What is a URL Slug? (and How to Use Them Effectively)
Links are an effective way to bring new traffic to your website. However, longer or un-optimized links may prevent people from clicking through, as they can appear untrustworthy. These URLs also tend to lack descriptive information about the contents of the link, which can negatively affect your search engine rankings.
You can avoid these problems by customizing your URL slugs, which are the descriptive sections found at the very end of your links. Optimized slugs look neater, and are often better at attracting attention from your audience. They’re also more likely to be clicked on, as they contain more useful information.
In this post, we’ll discuss the importance of URL slugs and show you how to customize them using Pretty Links. Finally, we’ll share two tips for using your optimized links effectively, both on and off your website. Let’s get started!
What is a URL Slug?
Above, you can see a Pretty Links URL and slug. A slug is the part that comes at the very end of a URL and refers to a specific page or post. For example, the slug for the URL above (https://prettylinks.com/2017/08/link-redirect-types/) is link-redirect-types.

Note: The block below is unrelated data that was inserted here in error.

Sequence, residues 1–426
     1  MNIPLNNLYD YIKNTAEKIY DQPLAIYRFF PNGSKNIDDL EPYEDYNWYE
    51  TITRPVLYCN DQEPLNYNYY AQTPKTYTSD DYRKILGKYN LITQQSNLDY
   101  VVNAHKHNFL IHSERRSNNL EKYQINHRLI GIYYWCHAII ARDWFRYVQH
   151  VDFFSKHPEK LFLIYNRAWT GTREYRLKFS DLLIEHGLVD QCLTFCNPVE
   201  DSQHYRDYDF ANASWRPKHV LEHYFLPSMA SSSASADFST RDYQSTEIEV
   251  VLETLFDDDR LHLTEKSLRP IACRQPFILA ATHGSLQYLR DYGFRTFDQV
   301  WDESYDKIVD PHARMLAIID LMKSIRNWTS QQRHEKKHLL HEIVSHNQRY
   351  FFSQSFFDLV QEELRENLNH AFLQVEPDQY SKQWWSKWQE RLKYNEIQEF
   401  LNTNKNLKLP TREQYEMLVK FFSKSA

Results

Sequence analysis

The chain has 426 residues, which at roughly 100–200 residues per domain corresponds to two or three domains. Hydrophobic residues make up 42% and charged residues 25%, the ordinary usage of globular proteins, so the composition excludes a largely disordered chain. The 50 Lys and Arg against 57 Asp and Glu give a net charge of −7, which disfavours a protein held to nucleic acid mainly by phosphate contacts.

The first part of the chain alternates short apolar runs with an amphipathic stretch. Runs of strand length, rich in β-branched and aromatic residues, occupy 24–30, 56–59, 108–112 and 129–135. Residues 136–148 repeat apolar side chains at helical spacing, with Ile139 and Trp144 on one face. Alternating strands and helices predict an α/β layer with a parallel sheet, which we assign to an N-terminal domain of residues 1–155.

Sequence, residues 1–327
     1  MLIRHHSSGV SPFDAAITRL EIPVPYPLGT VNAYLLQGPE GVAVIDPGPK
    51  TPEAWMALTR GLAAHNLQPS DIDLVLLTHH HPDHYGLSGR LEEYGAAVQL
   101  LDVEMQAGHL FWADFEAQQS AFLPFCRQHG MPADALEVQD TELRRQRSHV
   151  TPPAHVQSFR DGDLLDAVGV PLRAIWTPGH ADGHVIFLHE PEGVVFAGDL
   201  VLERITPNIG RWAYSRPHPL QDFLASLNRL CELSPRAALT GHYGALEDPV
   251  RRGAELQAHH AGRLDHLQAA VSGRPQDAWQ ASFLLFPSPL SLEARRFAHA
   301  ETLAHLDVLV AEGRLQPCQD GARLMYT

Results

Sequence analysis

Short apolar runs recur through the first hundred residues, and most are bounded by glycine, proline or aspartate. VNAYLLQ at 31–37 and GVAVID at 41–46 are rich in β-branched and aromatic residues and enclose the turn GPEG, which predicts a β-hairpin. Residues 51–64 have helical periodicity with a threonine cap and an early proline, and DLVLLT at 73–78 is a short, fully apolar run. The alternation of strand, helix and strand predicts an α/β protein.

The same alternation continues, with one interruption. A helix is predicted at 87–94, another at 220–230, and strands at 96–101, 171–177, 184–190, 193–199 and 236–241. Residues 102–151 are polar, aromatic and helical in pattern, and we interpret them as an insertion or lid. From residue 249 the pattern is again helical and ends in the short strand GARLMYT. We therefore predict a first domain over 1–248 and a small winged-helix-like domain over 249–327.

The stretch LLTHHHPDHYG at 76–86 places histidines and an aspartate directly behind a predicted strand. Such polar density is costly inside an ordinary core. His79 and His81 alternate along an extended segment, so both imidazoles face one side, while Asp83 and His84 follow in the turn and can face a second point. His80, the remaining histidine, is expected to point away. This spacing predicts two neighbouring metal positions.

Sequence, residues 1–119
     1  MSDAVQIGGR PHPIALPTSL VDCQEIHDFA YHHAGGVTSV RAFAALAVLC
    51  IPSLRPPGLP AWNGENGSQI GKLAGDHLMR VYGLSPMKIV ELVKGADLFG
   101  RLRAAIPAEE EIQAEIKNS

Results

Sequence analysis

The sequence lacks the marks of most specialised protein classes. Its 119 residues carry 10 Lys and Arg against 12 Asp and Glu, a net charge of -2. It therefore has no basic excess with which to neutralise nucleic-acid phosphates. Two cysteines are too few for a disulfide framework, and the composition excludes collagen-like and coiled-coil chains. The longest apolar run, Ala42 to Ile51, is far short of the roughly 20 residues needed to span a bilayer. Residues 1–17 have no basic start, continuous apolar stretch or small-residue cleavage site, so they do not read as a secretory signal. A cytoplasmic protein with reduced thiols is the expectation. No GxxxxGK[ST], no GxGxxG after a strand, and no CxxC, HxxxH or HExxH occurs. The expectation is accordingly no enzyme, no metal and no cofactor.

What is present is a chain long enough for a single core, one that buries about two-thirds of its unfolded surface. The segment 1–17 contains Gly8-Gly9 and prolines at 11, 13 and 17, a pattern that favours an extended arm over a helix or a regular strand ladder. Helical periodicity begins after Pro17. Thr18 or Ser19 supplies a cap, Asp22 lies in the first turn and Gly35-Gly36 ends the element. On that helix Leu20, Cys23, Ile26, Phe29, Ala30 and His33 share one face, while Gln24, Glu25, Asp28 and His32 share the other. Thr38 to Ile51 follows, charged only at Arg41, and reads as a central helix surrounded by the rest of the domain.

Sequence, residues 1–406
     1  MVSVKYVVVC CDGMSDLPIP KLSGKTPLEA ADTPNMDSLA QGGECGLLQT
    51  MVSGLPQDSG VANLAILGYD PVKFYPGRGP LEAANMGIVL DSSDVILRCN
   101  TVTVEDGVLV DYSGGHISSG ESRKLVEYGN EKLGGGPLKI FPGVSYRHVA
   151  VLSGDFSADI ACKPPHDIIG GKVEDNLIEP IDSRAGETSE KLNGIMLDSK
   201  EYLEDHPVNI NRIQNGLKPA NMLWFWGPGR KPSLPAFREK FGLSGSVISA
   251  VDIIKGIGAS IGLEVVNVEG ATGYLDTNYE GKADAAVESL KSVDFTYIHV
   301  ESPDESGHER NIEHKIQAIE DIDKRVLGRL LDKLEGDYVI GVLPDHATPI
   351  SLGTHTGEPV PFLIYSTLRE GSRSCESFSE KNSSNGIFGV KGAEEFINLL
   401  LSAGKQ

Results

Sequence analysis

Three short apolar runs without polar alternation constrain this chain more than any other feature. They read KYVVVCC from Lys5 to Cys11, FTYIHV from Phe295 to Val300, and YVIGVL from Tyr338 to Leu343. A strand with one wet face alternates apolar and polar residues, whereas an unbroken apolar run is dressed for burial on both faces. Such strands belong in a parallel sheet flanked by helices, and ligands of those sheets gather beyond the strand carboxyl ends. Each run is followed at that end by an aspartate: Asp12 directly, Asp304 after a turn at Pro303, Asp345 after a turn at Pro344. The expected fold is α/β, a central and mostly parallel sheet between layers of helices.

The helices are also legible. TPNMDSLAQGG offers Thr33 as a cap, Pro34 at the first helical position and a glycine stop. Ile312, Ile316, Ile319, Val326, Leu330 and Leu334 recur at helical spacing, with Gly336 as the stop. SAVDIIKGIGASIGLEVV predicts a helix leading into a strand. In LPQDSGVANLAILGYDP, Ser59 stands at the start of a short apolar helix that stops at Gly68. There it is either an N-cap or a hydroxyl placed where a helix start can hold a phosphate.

Keeping your slugs concise and descriptive is beneficial in many ways. For example, an optimized slug can:
- Improve your rankings on search engine results pages (SERPs).
- Make it easy for internet users to predict the content of the page being linked to.
- Attract your target audience because your links look more appealing.
The slug is one of the most important parts of your pretty link. That's why it's so important that you know how to use them effectively.
How to Optimize Your URL Slugs with Pretty Links
Often, you'll find that the default slugs added to your links aren't very effective. For that reason, you may want to optimize your links by changing their slugs to something shorter and more descriptive. With Pretty Links, you can do just that.
Once you’ve installed and activated Pretty Links on your website, go to the Pretty Links tab in your WordPress dashboard, and click Add Pretty Link at the top of the page.